As the number of smartphones, tablets and connected gizmos per household explodes, the way you pay for all those gadgets is about to change dramatically.
Verizon Wireless on Tuesday announced its new "Share Everything" plan, allowing customers to share data allotments across multiple devices. Starting June 28, individuals and families will be able to buy one data plan encompassing all of their smartphones, feature phones, tablets, netbooks, USB modems and Mi-Fi devices.
That means some customers -- particularly those on low-priced plans who don't have multiple devices -- are going to have to pay more.
As part of its revised pricing structure, Verizon gave tiered voice and texting plans the boot. All smartphone plans now have unlimited voice and texts. That makes the monthly data allotment (and the number of connected devices) the only measure that customers can control to raise or lower their monthly bill.
Here's how it works: An individual user with a smartphone and an iPad would be able to choose a data allotment -- say 4 GB per month -- and every download on every device would count against that shared 4 GB. A family of four could buy a plan with 8 GB per month and share that allotment across all their phones and connected gadgets.
That's a change from the current structure, under which each device comes with its own particular allotment of data that can't be shared with anything or anyone else on the plan. Verizon's rivals are expected to follow suit and unveil their own data-sharing plans.
Verizon said this was a much-asked-for feature, as customers who went over their limit on one device but were under it on another were stuck paying overage charges. Wireless companies for years have allowed families to share voice minutes across multiple phones, but this is the first time data has been shareable.
That convenience comes with a higher entry-level price tag.
The cheapest possible "Share Everything" monthly bill for a Verizon Wireless smartphone customer will become $90, which includes unlimited voice, texts and 1 GB of data. Today, Verizon's lowest-priced smartphone plan is $70, consisting of 450 voice minutes, no texts and 2 GB of data.
Verizon's cheapest smartphone entry point will be $80 beginning on June 28 -- a bare-bones plan offering 350 megabytes of data per month that cannot be shared across multiple devices.
More than half of America's mobile phone subscribers now have a smartphone, but for those clinging to their basic "feature" phones, Verizon will keep offering a voice-focused plan. For $40 a month, customers with basic phones will get 700 voice minutes. Text messages and data usage costs extra.
New customers will be forced to choose from one of the new plans, though Verizon said existing customers will be able to hang onto their current plans when they upgrade -- for now.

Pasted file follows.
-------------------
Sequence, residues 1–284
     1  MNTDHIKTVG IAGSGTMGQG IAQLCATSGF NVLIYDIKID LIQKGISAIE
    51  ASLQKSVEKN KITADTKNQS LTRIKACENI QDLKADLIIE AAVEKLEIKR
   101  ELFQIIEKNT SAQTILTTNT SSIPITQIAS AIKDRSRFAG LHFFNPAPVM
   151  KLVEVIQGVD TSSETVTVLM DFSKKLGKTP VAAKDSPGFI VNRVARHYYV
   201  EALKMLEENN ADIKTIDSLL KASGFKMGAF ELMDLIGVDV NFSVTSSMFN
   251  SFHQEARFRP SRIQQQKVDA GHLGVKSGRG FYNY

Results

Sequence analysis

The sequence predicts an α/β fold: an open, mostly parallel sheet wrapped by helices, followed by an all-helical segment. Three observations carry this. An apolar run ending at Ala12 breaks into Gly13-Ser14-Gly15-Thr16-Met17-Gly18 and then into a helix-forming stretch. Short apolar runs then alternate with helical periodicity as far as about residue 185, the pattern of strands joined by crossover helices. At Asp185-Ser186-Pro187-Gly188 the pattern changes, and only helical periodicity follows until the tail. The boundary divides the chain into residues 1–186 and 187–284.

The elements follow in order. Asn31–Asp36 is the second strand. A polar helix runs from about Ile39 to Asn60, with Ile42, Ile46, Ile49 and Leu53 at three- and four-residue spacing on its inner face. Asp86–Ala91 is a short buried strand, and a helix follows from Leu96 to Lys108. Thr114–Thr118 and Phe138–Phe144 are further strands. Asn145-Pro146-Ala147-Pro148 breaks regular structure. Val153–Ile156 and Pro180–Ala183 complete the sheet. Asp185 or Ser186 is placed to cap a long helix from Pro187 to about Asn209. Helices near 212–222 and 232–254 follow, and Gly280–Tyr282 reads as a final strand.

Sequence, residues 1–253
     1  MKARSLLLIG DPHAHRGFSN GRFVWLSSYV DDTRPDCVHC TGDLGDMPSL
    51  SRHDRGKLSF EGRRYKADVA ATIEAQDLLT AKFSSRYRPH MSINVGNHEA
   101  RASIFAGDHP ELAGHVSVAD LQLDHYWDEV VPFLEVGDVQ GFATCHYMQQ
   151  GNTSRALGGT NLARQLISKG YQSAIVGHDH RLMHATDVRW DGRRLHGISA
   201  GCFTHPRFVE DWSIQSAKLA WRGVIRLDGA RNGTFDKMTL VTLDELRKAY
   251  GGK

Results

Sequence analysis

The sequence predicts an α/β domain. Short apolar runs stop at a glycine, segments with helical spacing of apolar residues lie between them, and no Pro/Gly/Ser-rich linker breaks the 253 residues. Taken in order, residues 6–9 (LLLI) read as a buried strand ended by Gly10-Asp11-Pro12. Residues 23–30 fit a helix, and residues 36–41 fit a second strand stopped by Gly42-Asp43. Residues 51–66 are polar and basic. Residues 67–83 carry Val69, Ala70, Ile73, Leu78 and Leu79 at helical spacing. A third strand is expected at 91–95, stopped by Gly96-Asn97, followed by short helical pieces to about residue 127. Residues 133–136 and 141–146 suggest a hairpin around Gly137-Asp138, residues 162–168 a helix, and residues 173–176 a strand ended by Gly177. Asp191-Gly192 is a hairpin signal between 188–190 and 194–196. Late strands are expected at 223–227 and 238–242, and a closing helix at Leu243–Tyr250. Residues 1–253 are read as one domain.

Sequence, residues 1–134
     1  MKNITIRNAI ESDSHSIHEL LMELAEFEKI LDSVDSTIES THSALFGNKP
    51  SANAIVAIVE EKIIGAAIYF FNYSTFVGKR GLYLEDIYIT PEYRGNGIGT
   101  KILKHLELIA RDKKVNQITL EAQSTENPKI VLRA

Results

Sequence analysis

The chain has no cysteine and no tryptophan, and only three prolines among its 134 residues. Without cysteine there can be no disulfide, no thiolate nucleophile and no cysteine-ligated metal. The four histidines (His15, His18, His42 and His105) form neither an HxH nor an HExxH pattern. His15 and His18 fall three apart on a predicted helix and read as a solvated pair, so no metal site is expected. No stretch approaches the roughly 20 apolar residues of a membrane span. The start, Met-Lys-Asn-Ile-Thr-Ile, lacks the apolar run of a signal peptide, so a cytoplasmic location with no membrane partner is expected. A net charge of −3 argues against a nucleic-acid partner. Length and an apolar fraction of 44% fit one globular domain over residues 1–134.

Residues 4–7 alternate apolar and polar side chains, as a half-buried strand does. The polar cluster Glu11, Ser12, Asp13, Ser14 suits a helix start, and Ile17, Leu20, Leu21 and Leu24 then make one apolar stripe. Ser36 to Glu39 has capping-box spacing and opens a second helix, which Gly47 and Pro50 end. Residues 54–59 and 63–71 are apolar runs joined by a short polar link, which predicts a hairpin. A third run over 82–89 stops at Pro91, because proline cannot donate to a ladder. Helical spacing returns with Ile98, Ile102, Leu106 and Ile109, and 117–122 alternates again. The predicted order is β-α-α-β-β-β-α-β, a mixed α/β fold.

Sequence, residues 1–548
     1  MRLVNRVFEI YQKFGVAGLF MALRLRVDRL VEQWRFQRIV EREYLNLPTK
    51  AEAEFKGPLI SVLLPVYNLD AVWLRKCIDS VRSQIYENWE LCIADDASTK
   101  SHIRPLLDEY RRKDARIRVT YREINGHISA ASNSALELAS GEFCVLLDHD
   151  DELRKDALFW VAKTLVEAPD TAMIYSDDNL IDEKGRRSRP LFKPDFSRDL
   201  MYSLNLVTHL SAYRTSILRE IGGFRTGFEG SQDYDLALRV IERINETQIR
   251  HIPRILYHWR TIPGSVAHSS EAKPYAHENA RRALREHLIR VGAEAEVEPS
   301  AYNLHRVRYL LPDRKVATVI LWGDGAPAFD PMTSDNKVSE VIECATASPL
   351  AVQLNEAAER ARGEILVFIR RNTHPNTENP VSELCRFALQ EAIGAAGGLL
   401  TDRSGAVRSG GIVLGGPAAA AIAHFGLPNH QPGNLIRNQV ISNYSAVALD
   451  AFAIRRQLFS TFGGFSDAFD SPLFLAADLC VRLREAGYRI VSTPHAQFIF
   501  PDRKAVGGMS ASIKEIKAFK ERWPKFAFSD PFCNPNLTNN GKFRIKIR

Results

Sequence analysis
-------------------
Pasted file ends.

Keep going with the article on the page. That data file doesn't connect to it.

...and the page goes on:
The company has broken its pledges in the past, most notably by forcing customers with legacy unlimited data to switch to tiered data plans when they upgrade their phones. Verizon originally said existing customers would be able to keep their unlimited plans indefinitely.
Verizon spokeswoman Brenda Raney says that "customers are really getting more value" out of the new plans, which is technically true. All that unlimited voice, texting, data and mobile hot spot would cost an individual customer $140 today, which is $50 more than it would cost under the new plan.
But few customers actually use all those features. As data use grows, people are talking on their phones less. They have been scaling back their minutes, and the industry's voice revenue has fallen dramatically over the past several years.
The average subscriber used just 638 voice minutes per month in 2011, down from 720 minutes in 2010, according to the latest data from PricewaterhouseCoopers. Customers are cutting back their voice plans, sending carriers' average revenue per smartphone user down to $83 per month last year. That's a drop from $86 in 2010 and $93 from 2009.
Customers have also increasingly subscribed to Microsoft's Skype and other voice apps that travel over the data network, as well as unlimited texting apps like Apple's iMessage, Google Voice and GroupMe.
That's a problem for Verizon and the rest of the wireless industry, since voice and texting offers a much higher profit margin than data. Voice and texts require a very small amount of bandwidth, as opposed to data, which requires carriers to continuously build up their networks to support exploding demand from smartphones and tablets.
Though Verizon was the first to act, other carriers have been mulling a similar switch to across-the-board unlimited voice minutes to buoy sales, analysts say.
"We expect such pricing changes to be positive for the wireless industry, as the switch would stabilize declining voice revenue," said Mike McCormack, analyst at Nomura Securities. "The switch will likely ... stop the trend of customers stepping down their voice plans